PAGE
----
# If p, q, r and s are real numbers such that \[pr=2\left( q+s \right)\], then show that at least one of the equations \[{{x}^{2}}+px+q=0\] and \[{{x}^{2}}+rx+s=0\] has real roots.

Answer

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Hint: Roots of quadratic equation are real if and only if the discriminant i.e. $\Delta ={{b}^{2}}-4ac>0$, we will use this concept to solve the above problem.

Complete step-by-step answer:

Given quadratic equations are \[{{x}^{2}}+px+q=0\] and \[{{x}^{2}}+rx+s=0\] . Let us name them as equation (1) and equation (2) respectively.

Now we will find discriminants for equation (1) and equation (2).

The above quadratic equations have real roots, so we will find discriminants for equation (1) and equation (2) and then solve the question.

Now we will find the discriminant of equation (1) as b=p, a=1, c=q.

${{\Delta }_{1}}={{b}^{2}}-4ac={{p}^{2}}-4q$

The discriminant of equation (1) is ${{p}^{2}}-4q$ Let this be equation (3).

Now we will find the discriminant of equation (1) as b=r, a=1, c=s.

${{\Delta }_{2}}={{b}^{2}}-4ac={{r}^{2}}-4s$

The discriminant of equation (2) is ${{r}^{2}}-4s$ and let this be equation (4).

Now we will add equation (3) and equation (4) that is adding ${{\Delta }_{1}}+{{\Delta }_{2}}$ , we will get

$\Rightarrow {{\Delta }_{1}}+{{\Delta }_{2}}=({{p}^{2}}-4q)+({{r}^{2}}-4s)$.

Further simplifying it we will get,

$\Rightarrow {{\Delta }_{1}}+{{\Delta }_{2}}=({{p}^{2}}+{{r}^{2}}-4q-4s)$, Now we will take -2 common from $-4q-4s$ we will get,

$\Rightarrow {{\Delta }_{1}}+{{\Delta }_{2}}=(({{p}^{2}}+{{r}^{2}})-2(2q+2s))\cdot \cdot \cdot \cdot \cdot \left( 5 \right)$

We know that $2q+2s=pr$ , as it was given in the above question.

Now we will substitute it in equation 5.

We will get, $\Rightarrow {{\Delta }_{1}}+{{\Delta }_{2}}=(({{p}^{2}}+{{r}^{2}})-2(2q+2s))\cdot \cdot \cdot \cdot \cdot \left( 5 \right)$

$\Rightarrow {{\Delta }_{1}}+{{\Delta }_{2}}=(({{p}^{2}}+{{r}^{2}})-2(pr))$

We know a basic algebraic formula, ${{a}^{2}}+{{b}^{2}}-2ab={{(a-b)}^{2}}$ now we will use it in above equation.

$(({{p}^{2}}+{{r}^{2}})-2(pr))$ can be written as ${{(p-r)}^{2}}$.

So, $\Rightarrow {{\Delta }_{1}}+{{\Delta }_{2}}={{(p-r)}^{2}}$ which is always greater than or equals to 0.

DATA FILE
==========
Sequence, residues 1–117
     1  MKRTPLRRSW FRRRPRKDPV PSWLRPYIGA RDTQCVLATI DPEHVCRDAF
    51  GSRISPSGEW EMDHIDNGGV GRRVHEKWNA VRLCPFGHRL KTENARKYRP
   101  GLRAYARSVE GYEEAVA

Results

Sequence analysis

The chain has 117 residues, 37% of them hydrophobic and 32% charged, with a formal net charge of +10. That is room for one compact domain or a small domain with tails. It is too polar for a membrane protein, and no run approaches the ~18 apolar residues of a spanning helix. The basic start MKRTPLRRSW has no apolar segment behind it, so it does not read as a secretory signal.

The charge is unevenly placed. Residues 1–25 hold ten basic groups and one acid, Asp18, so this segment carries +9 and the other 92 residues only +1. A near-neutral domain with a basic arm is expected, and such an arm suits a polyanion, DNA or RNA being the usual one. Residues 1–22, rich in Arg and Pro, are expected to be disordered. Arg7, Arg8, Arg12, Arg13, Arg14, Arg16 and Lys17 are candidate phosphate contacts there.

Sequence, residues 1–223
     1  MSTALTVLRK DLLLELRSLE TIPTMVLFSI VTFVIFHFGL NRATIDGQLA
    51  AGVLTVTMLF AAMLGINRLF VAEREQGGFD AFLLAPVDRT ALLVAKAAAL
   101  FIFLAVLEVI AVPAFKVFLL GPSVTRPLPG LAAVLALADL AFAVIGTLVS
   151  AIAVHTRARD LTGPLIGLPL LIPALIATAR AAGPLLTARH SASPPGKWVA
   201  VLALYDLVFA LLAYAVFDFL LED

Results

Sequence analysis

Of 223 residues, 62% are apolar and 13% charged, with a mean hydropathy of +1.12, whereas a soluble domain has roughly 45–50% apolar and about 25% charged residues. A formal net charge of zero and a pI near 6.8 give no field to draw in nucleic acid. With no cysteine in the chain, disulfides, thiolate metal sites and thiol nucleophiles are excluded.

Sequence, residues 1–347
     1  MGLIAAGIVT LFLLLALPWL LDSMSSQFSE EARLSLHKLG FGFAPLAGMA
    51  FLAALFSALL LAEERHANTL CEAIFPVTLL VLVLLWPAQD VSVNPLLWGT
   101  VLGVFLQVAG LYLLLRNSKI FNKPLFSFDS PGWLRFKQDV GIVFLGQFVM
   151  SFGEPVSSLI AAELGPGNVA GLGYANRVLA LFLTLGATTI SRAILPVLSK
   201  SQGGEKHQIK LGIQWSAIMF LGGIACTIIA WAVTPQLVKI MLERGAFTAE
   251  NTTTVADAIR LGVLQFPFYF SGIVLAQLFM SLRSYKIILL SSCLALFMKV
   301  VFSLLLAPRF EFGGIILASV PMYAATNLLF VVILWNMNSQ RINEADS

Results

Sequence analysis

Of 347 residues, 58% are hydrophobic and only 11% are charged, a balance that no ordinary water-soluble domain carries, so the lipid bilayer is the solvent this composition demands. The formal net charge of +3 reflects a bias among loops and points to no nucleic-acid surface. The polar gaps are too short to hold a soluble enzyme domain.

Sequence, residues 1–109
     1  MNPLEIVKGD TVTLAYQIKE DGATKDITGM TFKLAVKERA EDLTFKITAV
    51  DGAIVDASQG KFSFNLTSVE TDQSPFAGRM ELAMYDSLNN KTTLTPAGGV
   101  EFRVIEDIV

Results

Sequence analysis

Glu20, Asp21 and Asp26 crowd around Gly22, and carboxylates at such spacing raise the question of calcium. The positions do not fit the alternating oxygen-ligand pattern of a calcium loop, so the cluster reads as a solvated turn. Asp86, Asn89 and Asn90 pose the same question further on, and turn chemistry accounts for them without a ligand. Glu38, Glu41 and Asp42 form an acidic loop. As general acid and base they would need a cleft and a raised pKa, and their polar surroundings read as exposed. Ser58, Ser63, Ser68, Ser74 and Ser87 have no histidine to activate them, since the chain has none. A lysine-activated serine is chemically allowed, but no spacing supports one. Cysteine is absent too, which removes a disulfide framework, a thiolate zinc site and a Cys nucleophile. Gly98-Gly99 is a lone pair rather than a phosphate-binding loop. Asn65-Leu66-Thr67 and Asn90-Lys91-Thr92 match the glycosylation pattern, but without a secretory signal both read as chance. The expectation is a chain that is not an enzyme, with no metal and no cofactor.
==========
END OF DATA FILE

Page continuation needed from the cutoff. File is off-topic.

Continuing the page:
So, ${{\Delta }_{1}}+{{\Delta }_{2}}\ge 0$

This means both ${{\Delta }_{1}}$ and ${{\Delta }_{2}}$ cannot be negative simultaneously which means at least one or both

${{\Delta }_{1}}$ and ${{\Delta }_{2}}$ should be greater than zero, which means at least one of the equations \[{{x}^{2}}+px+q=0\] and \[{{x}^{2}}+rx+s=0\] has real roots.

Note: Analysing is the most important thing that has to be done to solve a problem, basic algebraic formula has to be remembered and can be used wherever needed and the perfect square cannot be negative. There are three types of roots and their nature can be determined by $\Delta $. If $\Delta $ >0 roots are real and if $\Delta $ <0 roots are imaginary and $\Delta $ =0, roots are equal.

Complete step-by-step answer:

Given quadratic equations are \[{{x}^{2}}+px+q=0\] and \[{{x}^{2}}+rx+s=0\] . Let us name them as equation (1) and equation (2) respectively.

Now we will find discriminants for equation (1) and equation (2).

The above quadratic equations have real roots, so we will find discriminants for equation (1) and equation (2) and then solve the question.

Now we will find the discriminant of equation (1) as b=p, a=1, c=q.

${{\Delta }_{1}}={{b}^{2}}-4ac={{p}^{2}}-4q$

The discriminant of equation (1) is ${{p}^{2}}-4q$ Let this be equation (3).

Now we will find the discriminant of equation (1) as b=r, a=1, c=s.

${{\Delta }_{2}}={{b}^{2}}-4ac={{r}^{2}}-4s$

The discriminant of equation (2) is ${{r}^{2}}-4s$ and let this be equation (4).

Now we will add equation (3) and equation (4) that is adding ${{\Delta }_{1}}+{{\Delta }_{2}}$ , we will get

$\Rightarrow {{\Delta }_{1}}+{{\Delta }_{2}}=({{p}^{2}}-4q)+({{r}^{2}}-4s)$.

Further simplifying it we will get,

$\Rightarrow {{\Delta }_{1}}+{{\Delta }_{2}}=({{p}^{2}}+{{r}^{2}}-4q-4s)$, Now we will take -2 common from $-4q-4s$ we will get,

$\Rightarrow {{\Delta }_{1}}+{{\Delta }_{2}}=(({{p}^{2}}+{{r}^{2}})-2(2q+2s))\cdot \cdot \cdot \cdot \cdot \left( 5 \right)$

We know that $2q+2s=pr$ , as it was given in the above question.

Now we will substitute it in equation 5.

We will get, $\Rightarrow {{\Delta }_{1}}+{{\Delta }_{2}}=(({{p}^{2}}+{{r}^{2}})-2(2q+2s))\cdot \cdot \cdot \cdot \cdot \left( 5 \right)$

$\Rightarrow {{\Delta }_{1}}+{{\Delta }_{2}}=(({{p}^{2}}+{{r}^{2}})-2(pr))$

We know a basic algebraic formula, ${{a}^{2}}+{{b}^{2}}-2ab={{(a-b)}^{2}}$ now we will use it in above equation.

$(({{p}^{2}}+{{r}^{2}})-2(pr))$ can be written as ${{(p-r)}^{2}}$.

So, $\Rightarrow {{\Delta }_{1}}+{{\Delta }_{2}}={{(p-r)}^{2}}$ which is always greater than or equals to 0.

So, ${{\Delta }_{1}}+{{\Delta }_{2}}\ge 0$

This means both ${{\Delta }_{1}}$ and ${{\Delta }_{2}}$ cannot be negative simultaneously which means at least one or both

${{\Delta }_{1}}$ and ${{\Delta }_{2}}$ should be greater than zero, which means at least one of the equations \[{{x}^{2}}+px+q=0\] and \[{{x}^{2}}+rx+s=0\] has real roots.

Note: Analysing is the most important thing that has to be done to solve a problem, basic algebraic formula has to be remembered and can be used wherever needed and the perfect square cannot be negative. There are three types of roots and their nature can be determined by $\Delta $. If $\Delta $ >0 roots are real and if $\Delta $ <0 roots are imaginary and $\Delta $ =0, roots are equal.

Last updated date: 26th Sep 2023

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